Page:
Tsunami Debris Removal in Southeast Alaska

Students gather around several bags of trash.
NOAA supported the Sitka Sound Science Center in efforts to remove tsunami debris from Southeast Alaska and educate Sitka's youth about the impact of marine debris.

Project Dates: June 2013 - May 2016

What is the project?
After the massive earthquake and tsunami that devastated parts of Japan, debris that washed away arrived on Alaskan shorelines. The Sitka Sound Science Center (SSSC), with support from the NOAA Marine Debris Program, involved the Sitka community in removing that debris from shorelines in Southeast Alaska and raising awareness of the overall marine debris issue.

Who is involved?
The removal efforts were coordinated by the Sitka Sound Science Center, as part of the NOAA Restoration Center and MDP’s Community-based Marine Debris Removal Grant program. Students from Pacific High School collected debris from Biorka Island, and a crew aboard the fishing vessel Cherokee aided with removal along rugged wilderness shoreline in the Tongass National Forest.

What does it accomplish?
This multi-year project was centered on tsunami debris removal, but also aimed to foster collaboration among the different communities in Sitka and promote marine debris awareness in the area’s youth. In September 2013, a group of students from Pacific High, a school serving rural and native youth, spent their orientation week with the SSSC’s marine debris coordinator, learning about marine debris, the tsunami in Japan, and cleaning up debris from Biorka Island. During the school year, their teachers used results from that cleanup to incorporate marine debris and its impacts in science, math, culture, and social studies classes. SSSC continued this effort in the 2014-2015 school year, allowing students to share their project results at the Alaska Marine Science Symposium. In the summer of 2014, Sitka Native Education Program students attended “Camp Coastal Cleanup” for a week, spending a full day removing tsunami debris from Tongass Forest beaches and learning about pollution, plastics, natural resources, and oceanography. Their goal was to create an educational exhibit for display at the SSSC visitor’s center, which hosts 10,000 visitors and 1,300 students each year. In a parallel effort, SSSC employed an experienced crew aboard the F/V Cherokee to remove up to 20 metric tons of tsunami debris and derelict fishing gear from coastal habitat in the Southern Baranof Wilderness areas. The crew spent three days in the fall of 2013 removing debris, including plastic foam debris, from beaches. This work continued into the 2014 field season, with a focus on the West Chichagof-Yakobi Wilderness area.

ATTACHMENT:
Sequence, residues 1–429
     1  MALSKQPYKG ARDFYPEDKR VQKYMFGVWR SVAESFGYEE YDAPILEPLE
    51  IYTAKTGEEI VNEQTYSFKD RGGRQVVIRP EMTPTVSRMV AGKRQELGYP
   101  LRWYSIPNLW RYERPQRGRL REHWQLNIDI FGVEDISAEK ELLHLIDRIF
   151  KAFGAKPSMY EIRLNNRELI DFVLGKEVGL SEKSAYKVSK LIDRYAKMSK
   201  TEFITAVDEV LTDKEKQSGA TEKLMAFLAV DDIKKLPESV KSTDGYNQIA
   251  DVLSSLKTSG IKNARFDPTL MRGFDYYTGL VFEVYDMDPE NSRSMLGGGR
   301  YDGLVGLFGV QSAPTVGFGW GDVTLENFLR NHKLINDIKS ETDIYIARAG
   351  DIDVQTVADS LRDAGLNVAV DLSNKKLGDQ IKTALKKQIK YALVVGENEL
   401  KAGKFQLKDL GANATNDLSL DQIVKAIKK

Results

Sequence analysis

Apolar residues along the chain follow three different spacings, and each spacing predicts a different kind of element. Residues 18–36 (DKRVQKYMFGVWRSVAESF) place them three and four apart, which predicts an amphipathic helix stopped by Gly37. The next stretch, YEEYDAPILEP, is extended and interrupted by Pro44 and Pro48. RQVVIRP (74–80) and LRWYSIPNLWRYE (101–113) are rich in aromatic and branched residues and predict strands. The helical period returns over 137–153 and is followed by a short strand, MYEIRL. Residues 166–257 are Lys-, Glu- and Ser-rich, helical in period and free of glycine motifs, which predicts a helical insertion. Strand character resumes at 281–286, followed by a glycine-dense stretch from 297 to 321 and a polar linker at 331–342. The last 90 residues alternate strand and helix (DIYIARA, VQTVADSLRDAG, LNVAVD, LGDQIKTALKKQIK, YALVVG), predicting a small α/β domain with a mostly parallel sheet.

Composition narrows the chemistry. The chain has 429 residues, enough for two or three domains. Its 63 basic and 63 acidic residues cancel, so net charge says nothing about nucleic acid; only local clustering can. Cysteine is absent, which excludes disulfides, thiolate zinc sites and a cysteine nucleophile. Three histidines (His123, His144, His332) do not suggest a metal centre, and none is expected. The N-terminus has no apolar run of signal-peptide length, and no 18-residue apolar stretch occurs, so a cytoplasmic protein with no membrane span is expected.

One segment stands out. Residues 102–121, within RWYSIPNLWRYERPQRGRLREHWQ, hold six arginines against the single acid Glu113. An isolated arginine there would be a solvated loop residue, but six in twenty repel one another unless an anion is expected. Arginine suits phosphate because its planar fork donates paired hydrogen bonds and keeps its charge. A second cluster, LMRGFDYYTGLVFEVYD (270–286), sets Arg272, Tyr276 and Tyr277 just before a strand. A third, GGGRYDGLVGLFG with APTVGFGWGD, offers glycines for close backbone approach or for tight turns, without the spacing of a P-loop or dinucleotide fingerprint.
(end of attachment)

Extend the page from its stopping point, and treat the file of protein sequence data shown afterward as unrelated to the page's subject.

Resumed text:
What is something unique about the project?
The students at Pacific High School created art from the debris they found on Biorka Island, including a mosaic and forget-me-not sculptures.